Brazil is the largest national economy in Latin America, the world's seventh largest economy at market exchange rates and the seventh largest in purchasing power parity (PPP), according to the International Monetary Fund and the World Bank. Brazil has a mixed economy with abundant natural resources. The Brazilian economy has been predicted to become one of the five largest in the world in the decades to come, the GDP per capita following and growing, provided that large investments in productivity gains are made to substitute the GDP growth of the last decade that is attributable to the increase in the number of people working. Its current GDP (PPP) per capita is $15,153 in 2014 putting Brazil in the 77th position according to IMF data. Active in agricultural, mining, manufacturing and service sectors Brazil has a labor force of over a 107 million (ranking 6th worldwide) and unemployment of 6.2% (ranking 64th worldwide).
The country has been expanding its presence in international financial and commodities markets, and is one of a group of four emerging economies called the BRIC countries. Brazil has been the world's largestproducer of coffee for the last 150 years. It has become the fourth largest car market in the world. Major export products include aircraft, electrical equipment, automobiles,ethanol, textiles, footwear, iron ore, steel, coffee, orange juice, soybeans and corned beef. Adding up, Brazil ranks 23rd worldwide in value of exports.
Brazil pegged its currency, the real, to the U.S. dollar in 1994. However, after the East Asian financial crisis, the Russian default in 1998 and the series of adverse financial events that followed it, the Central Bank of Brazil temporarily changed its monetary policy to a managed-float scheme while undergoing a currency crisis, until definitively changing the exchange regime to free-float in January 1999.
Brazil received an International Monetary Fund rescue package in mid-2002 of $30.4 billion,then a record sum. Brazil's central bank paid back the IMF loan in 2005, although it was not due to be repaid until 2006. One of the issues the Central Bank of Brazil recently dealt with was an excess of speculative short-term capital inflows to the country, which may have contributed to a fall in the value of the U.S. dollar against the real during that period. Nonetheless, foreign direct investment (FDI), related to long-term, less speculative investment in production, is estimated to be $193.8 billion for 2007. Inflation monitoring and control currently plays a major part in the Central bank's role of setting out short-term interest rates as a monetary policy measure.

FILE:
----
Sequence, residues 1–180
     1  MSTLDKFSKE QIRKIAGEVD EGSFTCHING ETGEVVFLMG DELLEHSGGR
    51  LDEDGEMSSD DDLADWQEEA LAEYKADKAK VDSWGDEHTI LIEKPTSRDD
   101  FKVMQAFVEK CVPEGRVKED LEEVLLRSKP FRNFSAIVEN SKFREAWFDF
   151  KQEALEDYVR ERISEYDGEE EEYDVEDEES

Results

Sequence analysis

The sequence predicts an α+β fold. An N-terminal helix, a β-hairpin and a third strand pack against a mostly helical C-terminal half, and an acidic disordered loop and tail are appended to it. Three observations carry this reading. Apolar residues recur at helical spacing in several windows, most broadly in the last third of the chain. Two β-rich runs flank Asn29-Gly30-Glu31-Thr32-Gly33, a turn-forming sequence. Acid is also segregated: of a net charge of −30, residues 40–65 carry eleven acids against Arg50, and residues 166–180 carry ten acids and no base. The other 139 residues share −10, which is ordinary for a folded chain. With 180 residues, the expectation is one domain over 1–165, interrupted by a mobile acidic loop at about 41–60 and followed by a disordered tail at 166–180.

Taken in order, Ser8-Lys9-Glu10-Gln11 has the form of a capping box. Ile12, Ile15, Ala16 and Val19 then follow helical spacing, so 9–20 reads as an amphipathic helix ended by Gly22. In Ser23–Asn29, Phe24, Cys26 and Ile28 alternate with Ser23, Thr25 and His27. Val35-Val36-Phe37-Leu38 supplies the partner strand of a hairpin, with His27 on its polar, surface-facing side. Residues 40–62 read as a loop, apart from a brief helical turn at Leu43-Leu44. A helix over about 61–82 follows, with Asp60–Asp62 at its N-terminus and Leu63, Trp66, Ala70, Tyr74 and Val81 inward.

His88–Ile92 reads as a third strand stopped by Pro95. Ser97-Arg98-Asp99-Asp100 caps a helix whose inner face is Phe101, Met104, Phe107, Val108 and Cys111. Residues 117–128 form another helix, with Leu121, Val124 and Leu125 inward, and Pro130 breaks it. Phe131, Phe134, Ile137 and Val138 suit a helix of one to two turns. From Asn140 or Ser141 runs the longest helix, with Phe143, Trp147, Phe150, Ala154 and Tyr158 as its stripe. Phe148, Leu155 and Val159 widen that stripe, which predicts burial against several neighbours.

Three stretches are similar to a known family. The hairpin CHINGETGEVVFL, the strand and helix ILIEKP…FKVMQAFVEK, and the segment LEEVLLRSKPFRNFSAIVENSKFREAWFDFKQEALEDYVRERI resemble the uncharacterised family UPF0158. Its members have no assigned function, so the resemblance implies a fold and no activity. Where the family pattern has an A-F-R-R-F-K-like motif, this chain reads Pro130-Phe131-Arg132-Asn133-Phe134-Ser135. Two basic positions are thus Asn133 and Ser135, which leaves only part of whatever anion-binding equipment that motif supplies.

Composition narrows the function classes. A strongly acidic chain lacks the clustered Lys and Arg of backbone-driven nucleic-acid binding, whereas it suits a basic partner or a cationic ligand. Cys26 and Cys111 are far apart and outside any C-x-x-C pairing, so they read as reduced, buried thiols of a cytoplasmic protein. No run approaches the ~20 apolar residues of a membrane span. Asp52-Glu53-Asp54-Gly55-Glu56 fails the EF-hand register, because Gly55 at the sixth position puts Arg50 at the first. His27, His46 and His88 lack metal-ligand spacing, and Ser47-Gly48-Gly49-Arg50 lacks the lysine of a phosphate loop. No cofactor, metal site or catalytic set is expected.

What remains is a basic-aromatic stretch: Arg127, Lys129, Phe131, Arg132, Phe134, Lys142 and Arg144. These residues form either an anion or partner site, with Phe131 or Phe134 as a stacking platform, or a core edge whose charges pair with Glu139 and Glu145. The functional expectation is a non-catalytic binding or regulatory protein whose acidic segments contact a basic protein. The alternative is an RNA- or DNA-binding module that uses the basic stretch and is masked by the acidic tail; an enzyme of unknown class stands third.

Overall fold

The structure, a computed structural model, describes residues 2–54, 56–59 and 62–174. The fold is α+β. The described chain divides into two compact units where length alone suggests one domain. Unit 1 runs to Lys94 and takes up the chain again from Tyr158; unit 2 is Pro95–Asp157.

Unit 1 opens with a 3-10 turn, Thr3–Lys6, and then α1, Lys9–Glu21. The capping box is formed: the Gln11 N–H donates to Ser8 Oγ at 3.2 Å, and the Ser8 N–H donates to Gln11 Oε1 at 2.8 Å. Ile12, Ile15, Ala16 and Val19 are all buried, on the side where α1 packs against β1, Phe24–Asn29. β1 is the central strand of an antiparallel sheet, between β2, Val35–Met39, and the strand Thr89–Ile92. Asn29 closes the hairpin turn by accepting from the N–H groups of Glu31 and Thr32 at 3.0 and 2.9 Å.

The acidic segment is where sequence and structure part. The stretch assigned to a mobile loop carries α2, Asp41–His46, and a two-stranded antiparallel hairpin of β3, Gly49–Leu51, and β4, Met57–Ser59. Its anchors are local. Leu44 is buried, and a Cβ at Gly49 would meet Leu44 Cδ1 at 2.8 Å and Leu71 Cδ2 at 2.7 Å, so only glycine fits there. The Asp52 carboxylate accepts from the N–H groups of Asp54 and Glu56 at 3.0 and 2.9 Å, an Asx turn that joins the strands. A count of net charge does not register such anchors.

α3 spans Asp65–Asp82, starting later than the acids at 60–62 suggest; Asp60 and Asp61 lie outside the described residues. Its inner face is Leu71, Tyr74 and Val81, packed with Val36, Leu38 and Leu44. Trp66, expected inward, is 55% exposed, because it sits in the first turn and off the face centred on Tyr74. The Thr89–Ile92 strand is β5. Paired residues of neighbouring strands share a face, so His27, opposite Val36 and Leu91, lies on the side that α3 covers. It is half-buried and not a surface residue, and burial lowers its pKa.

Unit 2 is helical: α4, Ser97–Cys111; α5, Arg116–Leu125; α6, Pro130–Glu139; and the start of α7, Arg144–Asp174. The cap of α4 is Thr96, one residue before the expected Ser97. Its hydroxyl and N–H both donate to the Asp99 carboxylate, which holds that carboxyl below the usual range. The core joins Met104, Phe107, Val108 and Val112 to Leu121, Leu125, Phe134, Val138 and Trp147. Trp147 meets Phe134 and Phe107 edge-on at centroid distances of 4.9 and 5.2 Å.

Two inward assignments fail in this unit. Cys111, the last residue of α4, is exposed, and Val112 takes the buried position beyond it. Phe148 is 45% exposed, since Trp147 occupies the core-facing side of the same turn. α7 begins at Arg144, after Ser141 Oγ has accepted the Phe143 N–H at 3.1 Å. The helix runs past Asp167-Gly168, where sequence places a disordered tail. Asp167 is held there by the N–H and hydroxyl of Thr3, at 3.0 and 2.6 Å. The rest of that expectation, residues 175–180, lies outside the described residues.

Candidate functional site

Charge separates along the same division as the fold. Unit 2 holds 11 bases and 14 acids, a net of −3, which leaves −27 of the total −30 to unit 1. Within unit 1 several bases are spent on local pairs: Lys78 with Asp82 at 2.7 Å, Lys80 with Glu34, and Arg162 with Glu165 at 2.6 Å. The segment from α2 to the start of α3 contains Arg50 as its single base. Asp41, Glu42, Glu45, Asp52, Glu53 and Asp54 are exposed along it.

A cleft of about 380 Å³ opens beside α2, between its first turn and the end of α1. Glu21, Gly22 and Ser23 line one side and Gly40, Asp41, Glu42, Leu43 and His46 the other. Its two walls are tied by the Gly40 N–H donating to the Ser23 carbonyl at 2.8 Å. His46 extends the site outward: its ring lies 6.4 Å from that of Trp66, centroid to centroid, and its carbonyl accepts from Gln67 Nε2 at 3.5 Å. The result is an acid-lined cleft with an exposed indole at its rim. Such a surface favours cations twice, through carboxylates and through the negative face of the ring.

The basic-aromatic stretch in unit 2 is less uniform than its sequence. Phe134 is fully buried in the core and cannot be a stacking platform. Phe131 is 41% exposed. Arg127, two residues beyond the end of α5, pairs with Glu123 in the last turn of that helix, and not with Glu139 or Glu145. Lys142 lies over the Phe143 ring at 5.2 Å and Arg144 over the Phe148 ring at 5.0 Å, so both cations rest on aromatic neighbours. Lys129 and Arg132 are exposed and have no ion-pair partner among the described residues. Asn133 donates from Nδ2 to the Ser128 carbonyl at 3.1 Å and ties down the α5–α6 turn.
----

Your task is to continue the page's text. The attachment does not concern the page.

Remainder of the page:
Between 1993 and 2010, 7012 mergers & acquisitions with a total known value of $707 billion with the involvement of Brazlian firms have been announced. The year 2010 was a new record in terms of value with 115 billion USD of transactions. The largest transaction with involvement of Brazilian companies has been: Cia Vale do Rio Doce acquired Inco in a tender offer valued at US$18.9 billion.
Corruption costs Brazil almost $41 billion a year alone, with 69.9% of the country's firms identifying the issue as a major constraint in successfully penetrating the global market. Local government corruption is so prevalent that voters only perceive it as a problem if it surpasses certain levels, and only if a local media e.g. a radio station is present to divulge the findings of corruption charges. Initiatives, like this exposure, strengthen awareness which is indicated by the Transparency International's Corruption Perceptions Index; ranking Brazil 69th out of 178 countries in 2012 The purchasing power in Brazil is eroded by the so-called Brazil cost.
The economy of the resource-rich nation had been booming until 2010 but stagnation followed and a recession is now underway, along with inflation and charges of corruption and the bankruptcy of a major oil business. Angry demonstrators in 2014 complained beforehand at the high $11.5 billion (USD) cost of sponsoring the FIFA World Cup, but Brazilians took pride in its smooth functioning. Brazilian President Dilma Rousseff faced a conservative challenger for her re-election bid in the October 26, 2014, runoff, but managed to secure a re-election with just over 51% of votes.